Internet Explorer no longer supports some features of our website. For best results, use Microsoft Edge, Google Chrome, Firefox, or Safari.

There is no true “cure” for COVID-19, however, healthcare professionals can treat the symptoms while the disease runs its course. The reality is that there are very few options for treating COVID-19, and the treatments currently available have had mixed results. The following treatment options may be appropriate depending on the severity of symptoms. Talk to your healthcare provider if you experience moderate or severe symptoms, or are at high risk for serious illness.

Prevention is our best weapon against COVID-19: 

Mild Infection

Symptoms include fever, body aches, cough, head or nasal congestion, sinus pressure.

Moderate Infection

Mild symptoms plus shortness of breath

Severe Infection

Moderate symptoms plus either:

  • oxygen saturation (“O2 Sats”) < 94% without being on oxygen
  • need for supplemental oxygen or ventilation support (needing oxygen or on a ventilator)

At-Home Treatment Options for COVID-19

Although there is no “cure” for COVID-19, you can manage your mild symptoms at home

    • Stay hydrated (drink fluids)
    • Control fever; options include acetaminophen (Tylenol) or other fever reducers
    • Get plenty of rest
    • Lying on one’s stomach can help support the lungs
    • Supportive medications for symptoms can include cough suppressant, decongestant, vitamins
      ***Before taking any over the counter medications, we recommend consulting with a healthcare provider


Outpatient Treatment Options for COVID-19

Promising treatment: Monoclonal Antibodies may be a treatment option for patients who are high risk with in the first 10 days of mild-moderate COVID-19 illness. Monoclonal Antibodies have been shown to help a small percentage of people stay out of the hospital. For more information, or to see if you are eligible for this treatment option ask your doctor or healthcare provider.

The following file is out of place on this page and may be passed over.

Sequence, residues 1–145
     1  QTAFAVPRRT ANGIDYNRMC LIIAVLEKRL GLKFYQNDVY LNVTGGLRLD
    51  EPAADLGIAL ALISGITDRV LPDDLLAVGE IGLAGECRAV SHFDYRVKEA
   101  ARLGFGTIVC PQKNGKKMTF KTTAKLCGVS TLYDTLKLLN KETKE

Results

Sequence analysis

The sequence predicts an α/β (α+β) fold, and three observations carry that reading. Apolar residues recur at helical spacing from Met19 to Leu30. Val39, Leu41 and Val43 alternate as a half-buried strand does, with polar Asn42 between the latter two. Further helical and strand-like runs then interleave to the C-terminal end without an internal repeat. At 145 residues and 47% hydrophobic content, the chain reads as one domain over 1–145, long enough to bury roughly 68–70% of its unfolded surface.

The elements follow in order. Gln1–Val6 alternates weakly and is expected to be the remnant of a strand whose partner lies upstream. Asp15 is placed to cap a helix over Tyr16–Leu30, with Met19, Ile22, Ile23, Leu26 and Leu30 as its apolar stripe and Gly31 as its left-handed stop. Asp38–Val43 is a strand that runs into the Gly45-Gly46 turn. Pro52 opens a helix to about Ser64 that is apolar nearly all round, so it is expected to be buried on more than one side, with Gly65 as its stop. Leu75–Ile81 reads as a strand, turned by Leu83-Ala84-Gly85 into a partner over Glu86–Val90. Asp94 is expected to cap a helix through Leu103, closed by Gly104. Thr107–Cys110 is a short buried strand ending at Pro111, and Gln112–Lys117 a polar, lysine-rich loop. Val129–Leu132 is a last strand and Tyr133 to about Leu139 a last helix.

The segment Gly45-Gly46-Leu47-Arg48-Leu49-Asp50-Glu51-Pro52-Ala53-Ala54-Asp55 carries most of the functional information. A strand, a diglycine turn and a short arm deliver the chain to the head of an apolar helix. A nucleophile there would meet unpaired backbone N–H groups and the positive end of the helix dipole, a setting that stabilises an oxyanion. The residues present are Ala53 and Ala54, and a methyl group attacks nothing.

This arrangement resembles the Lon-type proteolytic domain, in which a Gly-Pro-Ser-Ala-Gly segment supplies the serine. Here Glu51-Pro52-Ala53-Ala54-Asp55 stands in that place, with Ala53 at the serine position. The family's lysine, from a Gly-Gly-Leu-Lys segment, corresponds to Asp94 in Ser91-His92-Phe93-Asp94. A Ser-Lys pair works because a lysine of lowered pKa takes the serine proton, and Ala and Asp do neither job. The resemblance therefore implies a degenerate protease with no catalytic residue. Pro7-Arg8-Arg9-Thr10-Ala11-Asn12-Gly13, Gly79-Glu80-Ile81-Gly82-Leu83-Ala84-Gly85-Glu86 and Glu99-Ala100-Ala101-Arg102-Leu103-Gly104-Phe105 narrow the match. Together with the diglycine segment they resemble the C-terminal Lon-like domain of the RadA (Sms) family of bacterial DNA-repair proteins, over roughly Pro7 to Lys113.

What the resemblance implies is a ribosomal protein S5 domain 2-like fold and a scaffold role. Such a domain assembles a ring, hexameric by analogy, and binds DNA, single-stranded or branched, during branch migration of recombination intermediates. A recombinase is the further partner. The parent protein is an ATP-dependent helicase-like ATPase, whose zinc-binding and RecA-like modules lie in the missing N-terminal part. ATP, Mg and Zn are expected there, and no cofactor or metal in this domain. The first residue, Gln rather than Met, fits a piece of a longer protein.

Unproven interventions: At this time, no well-done studies have shown that Famotidine, ivermectin, and garlic help with COVID-19. These are experimental treatments that continue to be researched.

What NOT to do: These options won’t help and could be dangerous!

    • Good research has shown that hydroxychloroquine does not help and may increase risk of heart problems
    • Do not subject your body to very hot or cold temperatures, consume bleach, or expose UV light on the body/skin

ARHS Virtual Hospital: Patients who are not critical but still require physician care are treated via telehealth in our virtual hospital. Providers can communicate with patients via video, audio and secure message to keep them on the road to recovery.


Hospitalized Treatment Options for COVID-19


    • Studies showed that when used in patients on a ventilator or on supplemental oxygen there was a significant reduction in death.
    • Studies also showed that when used in mild cases there was not much benefit

Remdesivir (Veklury)

    • Studies did not show a significant reduction in death.

Tocilizumab (Actemra) or other similar agent.

    • May reduce the risk of ventilation or death but more studies are needed to prove this benefit.


Vaccine Information

Pfizer and Moderna were ~90%-95% effective in preventing COVID-19 against the original strain. J&J was somewhat less effective at preventing COVID-19 but all 3 showed they were close to 100% effective at preventing death from COVID-19.

Current data shows that between April and August the effectiveness of the vaccines to prevent the disease dropped against the Delta variant. Event with increased chance of infection, it still seems that the effectiveness of the vaccines to prevent hospitalizations and most importantly death are still very high.

Learn more about vaccines >


Rehabilitation after COVID-19

From Johns Hopkins Rehabilitation Network: Common impairments of COVID-19 include weakness, fatigue and shortness of breath with activity, and difficulty with walking and performing daily tasks. When you experience these physical impairments, it can lead to stress, which negatively affects the mind. Fear and depression can both impact the health of the body. Early intervention through exercise and activity aimed at treating the whole person will play an important role in the recovery process and can be started at home during self-isolation.

For information about recovering from COVID-19, download “Bouncing Back from COVID-19” from Johns Hopkins Medicine. Contact your primary care provider to see if you would be a candidate for Post-COVID Cardiac and Pulmonary Rehabilitation services through ARHS.



Share this page